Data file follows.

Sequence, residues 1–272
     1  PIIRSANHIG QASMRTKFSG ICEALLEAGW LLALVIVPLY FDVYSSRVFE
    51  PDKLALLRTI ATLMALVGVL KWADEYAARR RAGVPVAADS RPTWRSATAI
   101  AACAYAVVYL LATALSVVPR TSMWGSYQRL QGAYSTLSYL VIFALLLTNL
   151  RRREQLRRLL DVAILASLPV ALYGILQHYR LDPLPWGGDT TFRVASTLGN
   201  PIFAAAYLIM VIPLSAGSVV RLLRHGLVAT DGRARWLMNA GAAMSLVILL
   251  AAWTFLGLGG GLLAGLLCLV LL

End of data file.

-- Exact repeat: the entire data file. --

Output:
Sequence, residues 1–272
     1  PIIRSANHIG QASMRTKFSG ICEALLEAGW LLALVIVPLY FDVYSSRVFE
    51  PDKLALLRTI ATLMALVGVL KWADEYAARR RAGVPVAADS RPTWRSATAI
   101  AACAYAVVYL LATALSVVPR TSMWGSYQRL QGAYSTLSYL VIFALLLTNL
   151  RRREQLRRLL DVAILASLPV ALYGILQHYR LDPLPWGGDT TFRVASTLGN
   201  PIFAAAYLIM VIPLSAGSVV RLLRHGLVAT DGRARWLMNA GAAMSLVILL
   251  AAWTFLGLGG GLLAGLLCLV LL